Boxergy: the Netflix of Heat Part 2


Ok so we hear a lot about Hydrogen being used to heat our homes. On the surface this looks like a great idea, after all we all like gas (except the CO2 of course) it’s cheap, comfortable & controllable. Also we have the existing gas network we could use… maybe. Another great advantage is there would be some storage built into the network so we could make the hydrogen when renewables were plentiful.

Hydrogen is a funny old gas and it can cause real problems with some of the plastics and metals used in the current infrastructure. Methane (mains gas) also contains about 3 times the energy per cubic meter compared to hydrogen, this means we will have to pump 3 time as much hydrogen through the network to get the same heat output. Also your current boiler and cooker can’t burn hydrogen, they will need replaced or heavily modified. So all in all, virtually every part of the gas network will have to be replaced, strengthened, upgrades or modified, this isn’t looking as straightforward as we thought….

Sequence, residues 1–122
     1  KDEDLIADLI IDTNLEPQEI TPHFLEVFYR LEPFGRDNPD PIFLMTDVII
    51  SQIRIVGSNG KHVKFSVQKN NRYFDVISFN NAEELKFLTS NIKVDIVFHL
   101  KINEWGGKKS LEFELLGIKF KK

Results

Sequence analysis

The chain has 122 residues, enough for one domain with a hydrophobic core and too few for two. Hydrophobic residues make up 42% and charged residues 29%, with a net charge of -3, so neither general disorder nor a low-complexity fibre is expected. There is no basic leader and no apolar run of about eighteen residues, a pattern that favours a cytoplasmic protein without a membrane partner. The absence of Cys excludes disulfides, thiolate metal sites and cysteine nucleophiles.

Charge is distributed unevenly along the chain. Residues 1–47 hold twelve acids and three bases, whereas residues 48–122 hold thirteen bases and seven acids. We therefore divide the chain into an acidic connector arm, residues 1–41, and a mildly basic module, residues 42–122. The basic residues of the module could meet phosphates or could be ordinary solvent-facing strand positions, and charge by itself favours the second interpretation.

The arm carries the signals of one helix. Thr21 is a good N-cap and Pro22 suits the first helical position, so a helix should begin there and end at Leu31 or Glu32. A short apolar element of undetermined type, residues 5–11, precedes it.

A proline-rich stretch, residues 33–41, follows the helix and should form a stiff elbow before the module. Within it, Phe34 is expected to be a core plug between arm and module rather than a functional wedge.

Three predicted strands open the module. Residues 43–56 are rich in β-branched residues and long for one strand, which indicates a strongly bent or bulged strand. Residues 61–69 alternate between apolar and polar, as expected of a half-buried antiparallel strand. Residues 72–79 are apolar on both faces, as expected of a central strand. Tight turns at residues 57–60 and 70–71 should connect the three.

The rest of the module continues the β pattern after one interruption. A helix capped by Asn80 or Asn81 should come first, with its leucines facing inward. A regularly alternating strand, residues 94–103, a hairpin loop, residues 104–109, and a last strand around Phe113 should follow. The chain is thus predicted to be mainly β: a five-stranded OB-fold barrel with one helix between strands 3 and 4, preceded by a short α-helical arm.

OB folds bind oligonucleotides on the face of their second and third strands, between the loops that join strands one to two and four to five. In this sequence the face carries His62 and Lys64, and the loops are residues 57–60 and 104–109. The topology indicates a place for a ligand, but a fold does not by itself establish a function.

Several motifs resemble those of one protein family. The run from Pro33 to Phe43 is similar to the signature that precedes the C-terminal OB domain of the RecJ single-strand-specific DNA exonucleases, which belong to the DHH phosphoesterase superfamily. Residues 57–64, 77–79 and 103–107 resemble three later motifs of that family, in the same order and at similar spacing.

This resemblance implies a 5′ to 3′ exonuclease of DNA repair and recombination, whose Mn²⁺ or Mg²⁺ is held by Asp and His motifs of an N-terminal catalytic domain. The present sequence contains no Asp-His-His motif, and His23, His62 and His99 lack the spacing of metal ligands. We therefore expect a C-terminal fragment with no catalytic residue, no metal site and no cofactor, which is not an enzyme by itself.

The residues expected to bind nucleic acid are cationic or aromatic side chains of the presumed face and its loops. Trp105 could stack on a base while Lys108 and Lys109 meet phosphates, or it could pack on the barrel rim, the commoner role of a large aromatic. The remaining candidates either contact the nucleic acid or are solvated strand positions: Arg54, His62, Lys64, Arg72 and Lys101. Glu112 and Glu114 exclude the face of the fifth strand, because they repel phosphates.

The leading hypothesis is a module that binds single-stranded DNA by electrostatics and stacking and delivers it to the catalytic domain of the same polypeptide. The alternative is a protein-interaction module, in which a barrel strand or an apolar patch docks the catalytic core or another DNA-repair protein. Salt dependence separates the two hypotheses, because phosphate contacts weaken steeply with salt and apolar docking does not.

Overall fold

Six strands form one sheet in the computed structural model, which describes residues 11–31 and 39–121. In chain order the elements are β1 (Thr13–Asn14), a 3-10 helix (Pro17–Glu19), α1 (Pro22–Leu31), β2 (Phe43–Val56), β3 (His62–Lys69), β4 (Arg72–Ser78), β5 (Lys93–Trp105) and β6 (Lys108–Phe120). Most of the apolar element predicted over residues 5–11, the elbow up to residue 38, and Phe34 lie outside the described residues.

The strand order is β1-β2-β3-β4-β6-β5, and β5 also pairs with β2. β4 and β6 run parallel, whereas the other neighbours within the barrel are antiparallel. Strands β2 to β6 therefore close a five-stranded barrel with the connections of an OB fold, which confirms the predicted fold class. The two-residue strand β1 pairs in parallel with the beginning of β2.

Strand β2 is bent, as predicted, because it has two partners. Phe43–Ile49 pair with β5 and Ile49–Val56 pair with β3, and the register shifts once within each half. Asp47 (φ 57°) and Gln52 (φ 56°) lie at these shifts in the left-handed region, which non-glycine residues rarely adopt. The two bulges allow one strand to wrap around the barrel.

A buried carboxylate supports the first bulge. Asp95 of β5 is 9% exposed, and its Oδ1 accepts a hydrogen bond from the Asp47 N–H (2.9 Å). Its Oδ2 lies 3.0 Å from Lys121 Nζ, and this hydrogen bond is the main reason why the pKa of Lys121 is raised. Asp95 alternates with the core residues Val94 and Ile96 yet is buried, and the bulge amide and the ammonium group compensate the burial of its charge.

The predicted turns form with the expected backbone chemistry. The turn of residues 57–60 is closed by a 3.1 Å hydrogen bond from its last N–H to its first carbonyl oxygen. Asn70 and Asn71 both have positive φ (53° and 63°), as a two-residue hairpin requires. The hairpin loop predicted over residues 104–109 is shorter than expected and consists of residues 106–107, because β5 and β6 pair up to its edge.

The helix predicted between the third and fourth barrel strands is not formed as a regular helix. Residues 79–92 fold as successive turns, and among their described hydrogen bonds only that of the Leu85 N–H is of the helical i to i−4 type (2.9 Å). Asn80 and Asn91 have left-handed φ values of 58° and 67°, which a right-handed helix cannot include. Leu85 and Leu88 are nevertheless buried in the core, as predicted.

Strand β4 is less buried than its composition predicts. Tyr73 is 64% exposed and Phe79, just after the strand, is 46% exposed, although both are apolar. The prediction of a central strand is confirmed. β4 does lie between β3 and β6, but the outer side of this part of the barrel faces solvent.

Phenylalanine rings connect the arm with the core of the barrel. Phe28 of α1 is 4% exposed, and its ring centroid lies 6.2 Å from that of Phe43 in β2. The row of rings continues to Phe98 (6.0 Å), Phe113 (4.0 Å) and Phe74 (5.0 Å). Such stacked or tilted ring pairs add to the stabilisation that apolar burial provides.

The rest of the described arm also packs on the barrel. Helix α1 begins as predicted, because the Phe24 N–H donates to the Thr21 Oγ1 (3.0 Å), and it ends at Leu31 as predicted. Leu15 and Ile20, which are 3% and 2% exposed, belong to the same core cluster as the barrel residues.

The real killer however for hydrogen is how much energy it takes to generate hydrogen in the first place. 1kWh of electricity only generates 0.7kWh of Hydrogen. Even if we ignore how much energy is used to compress and store the Hydrogen it still means we need to generate 17,143 kWh of renewables to heat the average home. To put this in perspective domestic consumers (that’s you and me) use about 40% of all the electricity generated in the UK today, on average each home uses 3,100kWh of electricity. Oh and there’s another problem, we use most of our heating during the winter, if we used hydrogen we would need 10 times the current electricity generation to heat our homes. Oh dear it’s not looking good for Hydrogen.

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